It’s easy to argue that the most surprising ending in a comic this week took place in “Justice League of America” #4. After an issue-long infiltration into the belly of the mysterious secret society’s headquarters, Catwoman was shot in the head by the society’s leader, seemingly left to die, bleeding on the floor.
While modern comics readers have become accustomed to death in comics, the way Geoff Johns and Brett Booth present Selina’s apparent demise is nonetheless refreshing. The world of comics today is a far cry from the ’80s and ’90s when readers had no idea what was going to happen in their favorite books. There were no weekly press releases about the newest creative team, no interviews with creators readily available online and solicitation text was mainly read by retailers rather than fans. Readers got their information straight from the comic, and for better or for worse “Justice League of America” #4 — and the series as a whole — operates much like the days before every detail of a comic was teased in advance. In a time when the death of a major character is nearly always teased well in advance by a publisher, there was nothing to indicate Catwoman’s demise other than one vague line of solicitation for “Justice League of America” #5.
In a way, Johns’ back-to-basics approach for the book is even more surprising than the end of the issue. Considering the brisk pace at which “Justice League of America” has moved along so far, the take makes a certain amount of sense. It definitely keeps readers on their toes, and a large part of the book’s identity has become that surprise factor — it’s the series where readers can expect a certain amount of “Whaa–?” every month, since no major events from the series seem to leak in advance, from official sources or otherwise.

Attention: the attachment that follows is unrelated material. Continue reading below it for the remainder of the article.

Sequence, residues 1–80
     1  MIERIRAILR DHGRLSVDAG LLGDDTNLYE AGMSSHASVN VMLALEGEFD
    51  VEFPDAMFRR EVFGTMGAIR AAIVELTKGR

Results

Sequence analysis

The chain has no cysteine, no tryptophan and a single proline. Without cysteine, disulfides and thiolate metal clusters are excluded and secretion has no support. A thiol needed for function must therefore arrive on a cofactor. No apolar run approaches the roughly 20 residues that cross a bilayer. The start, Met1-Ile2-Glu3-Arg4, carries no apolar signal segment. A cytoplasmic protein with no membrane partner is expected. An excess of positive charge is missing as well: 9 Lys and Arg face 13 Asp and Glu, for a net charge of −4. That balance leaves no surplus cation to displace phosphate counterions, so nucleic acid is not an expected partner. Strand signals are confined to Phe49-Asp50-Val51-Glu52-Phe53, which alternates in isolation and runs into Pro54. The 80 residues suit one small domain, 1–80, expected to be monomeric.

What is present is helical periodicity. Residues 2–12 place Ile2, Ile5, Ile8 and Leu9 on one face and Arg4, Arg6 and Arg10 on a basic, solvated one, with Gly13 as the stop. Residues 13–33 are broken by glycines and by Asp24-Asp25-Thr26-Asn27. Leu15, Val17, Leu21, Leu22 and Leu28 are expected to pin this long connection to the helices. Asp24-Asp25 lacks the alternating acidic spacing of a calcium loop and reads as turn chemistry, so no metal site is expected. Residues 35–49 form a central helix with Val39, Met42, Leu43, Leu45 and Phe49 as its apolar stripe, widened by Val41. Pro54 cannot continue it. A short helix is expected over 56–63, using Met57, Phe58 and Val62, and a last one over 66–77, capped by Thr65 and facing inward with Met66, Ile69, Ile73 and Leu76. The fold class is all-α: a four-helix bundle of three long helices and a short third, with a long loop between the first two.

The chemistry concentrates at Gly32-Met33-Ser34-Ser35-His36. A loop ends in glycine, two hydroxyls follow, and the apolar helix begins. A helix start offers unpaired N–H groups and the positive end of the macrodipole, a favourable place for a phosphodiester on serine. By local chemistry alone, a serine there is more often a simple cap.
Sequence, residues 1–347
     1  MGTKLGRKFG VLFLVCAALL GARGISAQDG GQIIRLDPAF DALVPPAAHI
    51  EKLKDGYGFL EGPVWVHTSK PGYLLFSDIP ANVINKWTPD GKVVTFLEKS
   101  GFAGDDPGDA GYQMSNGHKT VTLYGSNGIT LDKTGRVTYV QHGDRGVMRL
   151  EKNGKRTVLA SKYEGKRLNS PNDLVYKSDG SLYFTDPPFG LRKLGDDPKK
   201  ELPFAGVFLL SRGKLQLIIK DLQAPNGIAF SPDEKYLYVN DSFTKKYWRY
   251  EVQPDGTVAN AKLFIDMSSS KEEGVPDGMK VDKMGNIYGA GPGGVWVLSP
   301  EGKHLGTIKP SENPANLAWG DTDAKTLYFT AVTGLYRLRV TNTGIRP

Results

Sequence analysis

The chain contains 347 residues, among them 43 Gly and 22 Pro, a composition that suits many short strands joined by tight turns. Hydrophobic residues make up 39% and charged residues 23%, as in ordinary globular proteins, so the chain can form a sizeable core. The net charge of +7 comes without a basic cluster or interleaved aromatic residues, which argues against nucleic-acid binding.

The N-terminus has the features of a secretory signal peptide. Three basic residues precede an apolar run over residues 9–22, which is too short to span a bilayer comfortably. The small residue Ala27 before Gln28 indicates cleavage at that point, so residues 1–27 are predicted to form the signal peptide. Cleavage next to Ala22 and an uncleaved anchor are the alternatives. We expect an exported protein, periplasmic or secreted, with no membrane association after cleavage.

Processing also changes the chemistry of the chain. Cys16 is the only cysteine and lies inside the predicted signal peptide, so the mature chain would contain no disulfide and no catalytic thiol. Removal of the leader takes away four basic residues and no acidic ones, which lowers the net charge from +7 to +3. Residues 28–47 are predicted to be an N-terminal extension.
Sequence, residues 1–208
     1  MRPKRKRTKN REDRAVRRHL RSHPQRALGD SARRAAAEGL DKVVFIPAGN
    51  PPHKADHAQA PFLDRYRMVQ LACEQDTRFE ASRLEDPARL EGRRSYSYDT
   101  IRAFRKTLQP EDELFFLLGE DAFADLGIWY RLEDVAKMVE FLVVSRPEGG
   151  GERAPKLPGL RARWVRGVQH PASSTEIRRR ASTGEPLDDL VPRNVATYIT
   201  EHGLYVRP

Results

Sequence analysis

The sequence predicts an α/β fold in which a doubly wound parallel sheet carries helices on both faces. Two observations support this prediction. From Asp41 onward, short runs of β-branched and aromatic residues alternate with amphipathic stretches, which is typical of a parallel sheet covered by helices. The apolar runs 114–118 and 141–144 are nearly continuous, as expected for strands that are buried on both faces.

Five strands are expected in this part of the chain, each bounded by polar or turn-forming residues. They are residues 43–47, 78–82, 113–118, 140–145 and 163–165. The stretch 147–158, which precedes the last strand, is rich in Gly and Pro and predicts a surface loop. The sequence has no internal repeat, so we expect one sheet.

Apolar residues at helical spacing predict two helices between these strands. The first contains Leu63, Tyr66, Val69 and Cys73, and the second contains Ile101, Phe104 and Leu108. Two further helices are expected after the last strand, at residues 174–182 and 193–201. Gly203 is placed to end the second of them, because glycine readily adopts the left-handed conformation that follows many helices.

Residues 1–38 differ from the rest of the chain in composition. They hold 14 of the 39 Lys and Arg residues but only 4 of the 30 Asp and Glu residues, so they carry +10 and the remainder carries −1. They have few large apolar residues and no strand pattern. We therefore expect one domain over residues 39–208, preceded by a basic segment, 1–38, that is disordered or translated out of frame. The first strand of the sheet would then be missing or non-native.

That said, Catwoman’s death certainly seems like the kind of major occurrence that might spark a conflict between the Justice League and Justice League of America. Batman’s already on edge following the death of Damian Wayne, and Catwoman’s death would only further his grief-fueled rage. It certainly makes for a huge reason for Batman to want vengeance on Steve Trevor for putting Selina in harm’s way: Could this could be a precursor to what Johns has planned for the Trinity War? Or maybe even DC’s long-rumored Villains Month?
Of course, the possibility exists that Catwoman isn’t dead at all. Indeed, it seems unlikely that DC would kill the character off, if only because she headlines an ongoing title that sells well above the threshold for cancellation every month. (In April, “Catwoman” #19 outsold “Worlds Finest,” “Superboy,” “Talon,” “Birds of Prey” and more.) Johns is known for cliffhanger endings that may not be what they seem, and “Justice League of America” is only on its fourth issue. Plus, there is a shapeshifter on the team — a team assembled for their black-ops abilities in addition to being a respectable public face — and he did share a “moment” with Selina in last issue’s back-up story, so anything the reader sees may not be exactly what it seems.
Whatever the case, over the course of its short publishing life, “Justice League of America” has established a tradition of paying off the big moments immediately in the next issue — which means readers won’t have to wait too long to see what happens.
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